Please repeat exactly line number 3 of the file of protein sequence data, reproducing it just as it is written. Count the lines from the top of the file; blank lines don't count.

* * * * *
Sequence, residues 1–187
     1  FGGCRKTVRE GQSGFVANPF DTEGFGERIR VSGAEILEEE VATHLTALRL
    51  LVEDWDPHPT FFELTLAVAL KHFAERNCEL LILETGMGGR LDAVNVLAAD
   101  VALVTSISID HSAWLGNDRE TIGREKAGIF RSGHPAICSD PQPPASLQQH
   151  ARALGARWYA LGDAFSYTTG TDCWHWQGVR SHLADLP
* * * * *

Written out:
    51  LVEDWDPHPT FFELTLAVAL KHFAERNCEL LILETGMGGR LDAVNVLAAD